Đây không phải là một bài review, chỉ là mình viết lảm nhảm về những suy nghĩ của mình sau khi đọc hơn một nửa cuốn sách này. Mình thấy thật là hay vì mình đọc cuốn này ngay sau khi đọc lại lần thứ 2 cuốn" Tuổi trẻ, Tình yêu, Lý tưởng" của Thích Nhất Hạnh. Đọc 2,3 cuốn sách của Thích Nhất Hạnh có thể thấy ông là một người cổ súy cho lối sống chậm rãi, ung dung, nhàn nhã : "Giấc mơ Việt Nam là dân tộc Việt Nam biết để thì giờ ra để đi chơi, ngồi chơi, leo núi, đi biển, sống với cảnh đẹp thiên nhi...more
Fahima Jaffar
ليس من صنف الكتب العظيمة التي ستحدث بها أصدقاءك - المهووسين منهم بالكتب طبعاً ! - كلما جمعكم حديث عن القراءة،
ولا من الكتب التي تود أن تمسك قلماً وتعلّم كل عبارةٍ فيه بخطٍ أو اثنين، أو قلوبٍ أو نجومٍ صغيرة، أو بقوسين. أو إن كنت أكثر رهافة، فستمسك دفترك الصغير لتدون من جديد هذه العبارات التي لا تتكرر.
لكنها ليست قراءة تود أن تتخلص منها بسرعة، أو أن تقذف الكتاب في أقرب حاوية أو تعيد عقارب الزمن كي لا تشتريه - ليس بالنسبة لي على الأقل - .

الكتابُ - رغم شاعرية عنوانه - ليس شاعرياً جداً. هو وصفٌ أوتوبيو...more
What I Talk About When I Talk About Running is a memoir by Haruki Murakami where he talks about his interest in running. From running for pleasure to competing in over twenty marathons and an ultramarathon. Part training log, travelogue and reminiscence, this is a memoir of Murakami’s passion for running.

Now I’m not a runner and I don’t think I ever will be but I like to read about people being passionate about a topic and although this was brief, the passion was not in short supply. Most people...more
Yet another way in which Haruki Murakami is more awesome than you: not only does he write amazing novels and nifty short stories, he’s also a long-distance runner who’s raced in marathons, triathalons, and even a day-long supermarathon in Hokkaido. This book, the first piece of nonfiction I’ve read by him, chronicles a year in his life as a runner. I liked it less than his fiction. Parts are slow: the endless tally serious runners have to make of distances run in such-and-such lengths of time. I...more
Jul 19, 2011 Halik rated it 5 of 5 stars  ·  review of another edition Recommends it for: All runners, everywhere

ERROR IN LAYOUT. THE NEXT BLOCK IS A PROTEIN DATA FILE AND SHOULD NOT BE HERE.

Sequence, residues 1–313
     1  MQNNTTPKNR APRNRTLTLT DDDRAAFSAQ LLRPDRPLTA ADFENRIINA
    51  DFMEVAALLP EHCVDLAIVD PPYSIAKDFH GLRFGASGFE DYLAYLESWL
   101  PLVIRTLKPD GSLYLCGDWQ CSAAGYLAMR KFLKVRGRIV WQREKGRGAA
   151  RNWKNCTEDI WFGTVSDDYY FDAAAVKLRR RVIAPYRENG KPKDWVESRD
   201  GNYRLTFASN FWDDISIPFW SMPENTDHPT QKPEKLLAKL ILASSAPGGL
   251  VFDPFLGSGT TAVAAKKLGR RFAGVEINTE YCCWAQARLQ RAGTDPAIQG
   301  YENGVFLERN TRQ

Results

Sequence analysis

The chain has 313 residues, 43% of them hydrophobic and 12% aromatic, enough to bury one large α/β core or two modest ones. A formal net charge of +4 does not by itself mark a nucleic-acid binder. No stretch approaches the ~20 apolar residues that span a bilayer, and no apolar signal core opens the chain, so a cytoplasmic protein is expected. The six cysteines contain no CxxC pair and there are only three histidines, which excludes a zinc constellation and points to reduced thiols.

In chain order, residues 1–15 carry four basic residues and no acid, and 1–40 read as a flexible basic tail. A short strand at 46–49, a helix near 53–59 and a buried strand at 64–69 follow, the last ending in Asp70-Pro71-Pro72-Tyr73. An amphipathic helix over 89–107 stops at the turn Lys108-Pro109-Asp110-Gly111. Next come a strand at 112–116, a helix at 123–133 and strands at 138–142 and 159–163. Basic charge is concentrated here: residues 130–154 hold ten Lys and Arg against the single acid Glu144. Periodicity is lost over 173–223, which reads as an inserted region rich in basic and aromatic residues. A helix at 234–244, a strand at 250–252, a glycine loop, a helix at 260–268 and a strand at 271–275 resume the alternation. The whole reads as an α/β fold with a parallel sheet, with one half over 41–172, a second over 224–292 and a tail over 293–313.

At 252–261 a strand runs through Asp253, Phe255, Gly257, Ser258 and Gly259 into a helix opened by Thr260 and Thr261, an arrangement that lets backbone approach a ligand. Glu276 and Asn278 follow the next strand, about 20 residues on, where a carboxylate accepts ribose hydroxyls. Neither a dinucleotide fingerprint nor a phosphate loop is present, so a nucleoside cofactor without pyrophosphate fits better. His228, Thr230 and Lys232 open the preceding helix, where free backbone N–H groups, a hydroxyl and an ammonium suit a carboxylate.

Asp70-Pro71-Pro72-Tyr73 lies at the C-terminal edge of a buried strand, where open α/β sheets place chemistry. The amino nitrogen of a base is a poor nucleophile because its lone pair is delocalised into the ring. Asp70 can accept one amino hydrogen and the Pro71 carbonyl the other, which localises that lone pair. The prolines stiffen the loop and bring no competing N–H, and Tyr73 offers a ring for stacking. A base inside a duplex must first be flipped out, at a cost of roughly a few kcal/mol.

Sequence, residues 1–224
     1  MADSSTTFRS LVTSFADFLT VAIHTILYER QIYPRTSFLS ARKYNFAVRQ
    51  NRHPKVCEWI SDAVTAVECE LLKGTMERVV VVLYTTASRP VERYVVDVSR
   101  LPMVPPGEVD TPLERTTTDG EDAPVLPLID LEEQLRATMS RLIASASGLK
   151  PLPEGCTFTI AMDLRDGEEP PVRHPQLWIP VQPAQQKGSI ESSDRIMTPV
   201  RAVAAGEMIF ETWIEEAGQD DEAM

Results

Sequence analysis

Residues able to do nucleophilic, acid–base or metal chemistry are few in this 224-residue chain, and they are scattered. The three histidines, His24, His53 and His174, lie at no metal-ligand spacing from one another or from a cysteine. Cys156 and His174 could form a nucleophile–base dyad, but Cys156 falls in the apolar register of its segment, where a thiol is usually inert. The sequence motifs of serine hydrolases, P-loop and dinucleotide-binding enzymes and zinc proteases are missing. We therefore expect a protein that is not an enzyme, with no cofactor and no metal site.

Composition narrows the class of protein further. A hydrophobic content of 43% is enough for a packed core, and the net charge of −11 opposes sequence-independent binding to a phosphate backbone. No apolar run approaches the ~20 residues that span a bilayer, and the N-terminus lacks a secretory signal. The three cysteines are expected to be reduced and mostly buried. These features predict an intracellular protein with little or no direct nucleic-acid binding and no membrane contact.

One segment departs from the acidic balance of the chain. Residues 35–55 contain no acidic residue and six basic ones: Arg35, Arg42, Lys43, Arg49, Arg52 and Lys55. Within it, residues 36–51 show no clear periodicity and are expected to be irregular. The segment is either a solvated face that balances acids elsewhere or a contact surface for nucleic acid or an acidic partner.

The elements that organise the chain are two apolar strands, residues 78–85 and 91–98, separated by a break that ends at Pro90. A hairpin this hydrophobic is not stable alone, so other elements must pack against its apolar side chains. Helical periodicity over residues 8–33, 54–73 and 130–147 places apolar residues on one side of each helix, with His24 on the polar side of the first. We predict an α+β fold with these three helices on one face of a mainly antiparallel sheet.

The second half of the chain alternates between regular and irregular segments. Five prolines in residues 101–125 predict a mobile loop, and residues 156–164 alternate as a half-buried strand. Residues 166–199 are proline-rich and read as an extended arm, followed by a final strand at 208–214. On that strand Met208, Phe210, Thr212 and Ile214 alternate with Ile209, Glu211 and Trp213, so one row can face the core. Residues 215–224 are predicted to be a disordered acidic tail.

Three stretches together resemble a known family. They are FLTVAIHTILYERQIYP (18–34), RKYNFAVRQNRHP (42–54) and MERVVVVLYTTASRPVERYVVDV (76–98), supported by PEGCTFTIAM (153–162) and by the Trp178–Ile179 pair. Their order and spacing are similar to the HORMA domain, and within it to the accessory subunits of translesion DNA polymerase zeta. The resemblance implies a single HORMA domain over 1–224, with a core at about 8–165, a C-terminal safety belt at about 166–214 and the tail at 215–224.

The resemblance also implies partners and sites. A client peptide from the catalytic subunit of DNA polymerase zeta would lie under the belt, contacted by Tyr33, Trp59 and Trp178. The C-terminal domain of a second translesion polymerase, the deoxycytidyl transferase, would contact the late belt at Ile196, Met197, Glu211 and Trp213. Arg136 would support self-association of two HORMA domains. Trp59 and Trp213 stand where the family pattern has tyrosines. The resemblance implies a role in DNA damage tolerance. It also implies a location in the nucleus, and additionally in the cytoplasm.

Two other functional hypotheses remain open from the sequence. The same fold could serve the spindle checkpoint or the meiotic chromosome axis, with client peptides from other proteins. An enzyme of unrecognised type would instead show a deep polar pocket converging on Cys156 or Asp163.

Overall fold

Recommended to Halik by: Carmen
Shelves: non-fiction
Loved the tome. Murakami puts into words pieces of running insight so eloquently that the moment i finished the book, i grabbed my shoes and hit the asphalt. I stopped for a bit cause my shoes were giving me trouble, and i need to make some huaraches (or barefoot runners) probably but that is unimportant.

I used to run in the beach at my old home before, and loved it. There is something glorious about simply moving your feet one after the other, propelling yourself through the air, pretty soon yo...more
This book signaled to me why this year has been so tough -- my life strayed from its usual structure and important rituals, leaving me on a slippery footing for most of 2012. The absence of regular bikram practice was felt most deeply. Bikram helps me establish and maintain grace and focus in life outside of the practice room. The same words and series of poses form the foundation of each practice and set a kind of baseline allowing you to understand the nuanced ways your body changes each day....more
Nov 19, 2008 Danika rated it 2 of 5 stars Recommends it for: runners
Y'know, I did not love this book. I certainly wouldn't recommend it to anyone who is not a runner. It's way too specific and longwinded for a non-runner to appreciate. Here's my gripe: he's WAY too wrapped up in times and doesn't seem to enjoy long-distance running for the sake of it. For instance, he plans to run the NYC marathon one year and his goals are 1) to finish 2) to NEVER walk, only run and 3) to enjoy himself. Sorry, but I think that's crazy! Who cares if you walk for a bit? And enjoy...more

"Nothing in the real world is as beautiful as the illusions of a Person about to lose consciousness."

I relate to this quote. After a long run, one kind of feels very close to this line.
A good book. It’s an honest memoir and for that reason I think only 3 in 10 may carry on reading it. A friend read it, ‘You won’t believe how boring his life is, take it anyway’ he told me. But then he does not run and for those who run - this book is a nice read.
The writing is unlike Murakami; there are not man...more